What an awesome day. Not too hot, no snow, no wind, and the trees were changing.
There was about a foot of snow at the summit left over from Fridays storm. A little slipery, but a great climb none the less. It was good to see some snow on the peaks.
After being turned back on Princeton the day before, it felt good to tackle Mt. Yale. This was a tough hike, and the snow above 12,000 feet certainly slowed us down, but it just made the top all the more beautiful! Not a bad way to end the 14er season for me, and my 20th 14er at that!
One of the most beautiful days on a 14er summit with a great partner - Sonja Lessman!
This was a return summit attempt for me as 4 weeks earlier, my attempt on the East Slopes turned into a medical emergency for my climbing partner - altitude sickness with signs of ataxia. So, 4 weeks later, my friends Pamela, Pete, and Nancy started at 7:30 AM (Labor Day) on yet another glorious Colorado blue sky day. The trip up to 11,900 and the saddle was uneventful - more of a warm-up really. Heading west of the saddle following the ridgeline went well - past 12,500' where I had to turn around earlier the previous month. The East Slopes are a Class 2/Class 3- with sometimes difficult route finding but it is not terribly difficult if one stays on or near the ridgeline. We summitted in 5 hours and after spending 30-45 minutes on the summit decided to take the standard route down as it was more time efficient. Some good souls at the trailhead drove me back to the Avalanche Gulch TH in order to retrieve my car and bring cold beer/chips/salsa to my weary friends. All in all, a great day! Yale is a fun mountain although the standard route is not my most favorite trail - do the East Slopes!
Thunderstormed the whole night before. Woke up at 5:30, still raining. Finally started at 7:25 and got rained on the whole way to the saddle, then snowed on on the way up to the summit. Better weather down to the saddle (still couldn't see anything though), but then rained on all the way back to the car. A couple lightning strikes very close by (you know, simultaneous flash-boom) with people still up high on the mountain! 3h20m to the summit, 5h40m RT.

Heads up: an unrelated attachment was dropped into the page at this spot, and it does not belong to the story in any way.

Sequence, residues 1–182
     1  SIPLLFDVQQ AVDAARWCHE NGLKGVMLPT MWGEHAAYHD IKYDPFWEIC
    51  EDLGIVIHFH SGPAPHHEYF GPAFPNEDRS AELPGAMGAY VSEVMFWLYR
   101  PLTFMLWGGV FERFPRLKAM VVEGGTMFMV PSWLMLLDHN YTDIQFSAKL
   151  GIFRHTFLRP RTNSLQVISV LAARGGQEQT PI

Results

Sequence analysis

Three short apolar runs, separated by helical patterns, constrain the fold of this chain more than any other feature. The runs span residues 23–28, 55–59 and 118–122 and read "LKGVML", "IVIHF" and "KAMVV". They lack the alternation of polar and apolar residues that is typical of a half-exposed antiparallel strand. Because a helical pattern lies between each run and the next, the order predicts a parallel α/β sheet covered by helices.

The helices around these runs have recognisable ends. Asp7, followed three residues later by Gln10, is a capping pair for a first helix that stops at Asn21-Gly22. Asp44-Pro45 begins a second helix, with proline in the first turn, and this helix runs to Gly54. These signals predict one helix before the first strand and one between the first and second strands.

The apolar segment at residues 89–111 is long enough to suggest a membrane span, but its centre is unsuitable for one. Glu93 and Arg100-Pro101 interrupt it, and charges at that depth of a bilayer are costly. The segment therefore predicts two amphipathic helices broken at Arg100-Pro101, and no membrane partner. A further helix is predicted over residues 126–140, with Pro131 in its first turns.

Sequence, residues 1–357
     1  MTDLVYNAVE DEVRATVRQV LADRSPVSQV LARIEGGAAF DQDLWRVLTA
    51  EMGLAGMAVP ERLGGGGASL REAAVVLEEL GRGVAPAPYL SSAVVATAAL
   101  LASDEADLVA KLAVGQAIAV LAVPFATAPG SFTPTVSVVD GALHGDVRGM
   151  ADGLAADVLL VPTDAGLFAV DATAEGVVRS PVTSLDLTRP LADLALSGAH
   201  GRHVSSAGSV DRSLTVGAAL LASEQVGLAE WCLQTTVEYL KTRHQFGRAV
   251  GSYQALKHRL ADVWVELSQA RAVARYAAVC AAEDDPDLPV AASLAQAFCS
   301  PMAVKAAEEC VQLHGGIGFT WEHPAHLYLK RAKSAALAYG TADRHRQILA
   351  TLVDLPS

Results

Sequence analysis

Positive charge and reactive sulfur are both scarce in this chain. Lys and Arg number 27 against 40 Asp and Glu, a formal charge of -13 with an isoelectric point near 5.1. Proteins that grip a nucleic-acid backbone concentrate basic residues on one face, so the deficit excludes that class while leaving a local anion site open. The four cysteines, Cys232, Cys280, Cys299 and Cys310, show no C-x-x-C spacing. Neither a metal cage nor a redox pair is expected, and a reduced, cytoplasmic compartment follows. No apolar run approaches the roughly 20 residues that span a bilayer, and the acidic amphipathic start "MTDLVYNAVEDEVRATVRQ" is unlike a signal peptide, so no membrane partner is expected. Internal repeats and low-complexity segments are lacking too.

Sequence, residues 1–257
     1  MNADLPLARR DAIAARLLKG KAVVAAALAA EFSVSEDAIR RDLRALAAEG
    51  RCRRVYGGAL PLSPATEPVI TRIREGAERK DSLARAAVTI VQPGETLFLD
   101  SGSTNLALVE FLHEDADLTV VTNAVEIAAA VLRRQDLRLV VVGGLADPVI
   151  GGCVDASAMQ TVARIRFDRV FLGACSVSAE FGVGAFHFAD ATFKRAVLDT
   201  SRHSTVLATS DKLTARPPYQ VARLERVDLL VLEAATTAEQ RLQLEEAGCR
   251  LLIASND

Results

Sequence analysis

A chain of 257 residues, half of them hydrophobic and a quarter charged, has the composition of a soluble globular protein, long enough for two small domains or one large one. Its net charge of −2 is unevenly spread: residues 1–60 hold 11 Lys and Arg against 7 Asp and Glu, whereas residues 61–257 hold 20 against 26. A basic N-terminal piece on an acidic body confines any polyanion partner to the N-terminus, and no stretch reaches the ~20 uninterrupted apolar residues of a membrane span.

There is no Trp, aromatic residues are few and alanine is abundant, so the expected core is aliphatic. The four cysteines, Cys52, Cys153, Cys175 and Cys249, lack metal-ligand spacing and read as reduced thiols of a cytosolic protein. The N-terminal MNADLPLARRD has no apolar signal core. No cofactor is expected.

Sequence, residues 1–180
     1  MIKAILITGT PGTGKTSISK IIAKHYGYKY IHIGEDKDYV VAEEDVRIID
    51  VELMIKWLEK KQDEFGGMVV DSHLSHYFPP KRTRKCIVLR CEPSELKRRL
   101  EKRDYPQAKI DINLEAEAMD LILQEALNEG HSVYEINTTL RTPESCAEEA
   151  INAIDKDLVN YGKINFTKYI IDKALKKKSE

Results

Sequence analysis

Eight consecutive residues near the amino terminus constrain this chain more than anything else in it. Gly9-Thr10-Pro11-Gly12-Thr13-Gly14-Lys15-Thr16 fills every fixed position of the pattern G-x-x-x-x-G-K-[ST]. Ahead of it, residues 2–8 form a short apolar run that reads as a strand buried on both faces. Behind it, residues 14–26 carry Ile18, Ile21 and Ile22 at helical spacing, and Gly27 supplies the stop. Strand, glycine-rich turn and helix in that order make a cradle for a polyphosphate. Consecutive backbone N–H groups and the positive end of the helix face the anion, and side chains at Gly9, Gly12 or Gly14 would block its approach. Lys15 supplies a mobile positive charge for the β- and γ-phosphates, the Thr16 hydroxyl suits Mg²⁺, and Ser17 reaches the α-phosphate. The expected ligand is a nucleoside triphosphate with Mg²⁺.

Climbed the east ridge--fun scrambling on the crest, more rugged than I expected. Only one other party on the ridge, but LOTS of people coming up the standard route on the other side.
Climbed the West Slope from Denny Creek starting at 6 a.m. and summitted by 9:30. We were among the first to summitt that day and luckily avoided the crowds that were coming up as we descended. Great trail and a greater views on top of many surrounding 14ers. Fun scramble along the ridge if you stay on the very top.
The ascent was fairly straightforward, lots of vert but nothing bad. We decided to descend the old route down denny gulch and found a few nice surprises. The moves to get off the peak and down into the gulch are class 3+ where we dropped. Nothing too bad, but much harder than it looked from the summit. The trail through this gulch hadnt been maintained in several years (that would be another 5 years now) and we had to bushwack for 3 miles. After running out of water two miles in, the final mile out was terrible, but it dropped us right at our campsite.
This is another "catch-up" posting. Yale was my 3rd 14er. Uncertain about the exact date. Camped at Kroenke Lake, and hiked west to the Continental Divide in the morning, then south and east to the summit. It was chilly with very light snow falling. My brother bailed a few hundred feet from the top. I bushwhacked down the north slopes and got back to our camp about noon, then packed up and headed off for Harvard, while he headed down the trail and home.
This was the beginning of "Capacchino" climbing. We started climbing a midnight fueled by huge gzzlers of capachino. I recall hallucinating below the summit. Not too bad though. Skiing out with our backpack ready loads on skinny leather tele gear was exciting!
How 'bout some switchbacks? (Whine, whine, whine!)
A pleasant and relatively easy hike. It was actually kind of nice to not be completely beat when back to the car for a change :) 26th 14er and 11th this year.
Started at dawn and summited in about 3 hours. What a leg burner! After having the summit to myself (on a Saturday!) for fifteen minutes I descended the east ridge and summited Mascot Peak as well - nice addition.
Not the easiest 1st 14er, but it was enough to get me hooked on peak bagging.
The weather cooperated, but I must say whoever "engineered" the trail for this route should have taken a refresher course on switchback use. Talk about straight up the mountain? Wow!
After a 3 hr 15 min hike I had the summit all to myself on a quiet morning before the storms. I ran most of the way down that good trail.
For my first 14er had a difficult time keeping up with my bro. The damn guy played soccer for a top ranking D-1 college and was intent on proving it on this hike. It was good to be pushed like that though. Today, I can keep up, especially when I put rocks in his pack.
Solo climb. Not a technical climb by any stretch, but for some reason my legs were more tired over the 7 miles of the Southwest slopes than they typically have been on other 14ers. Regardless, there were great views from the summit, especially of neighboring Sawatch 14ers Princeton, Antero, Shavano, Tabaguache, Harvard and Columbia.
Coming from lowlander county this was a tough 1st 14er of 2006. Roach was right when he said it would test your legs. Mine are toast. What a great view from the summit! (with Rick and Greg)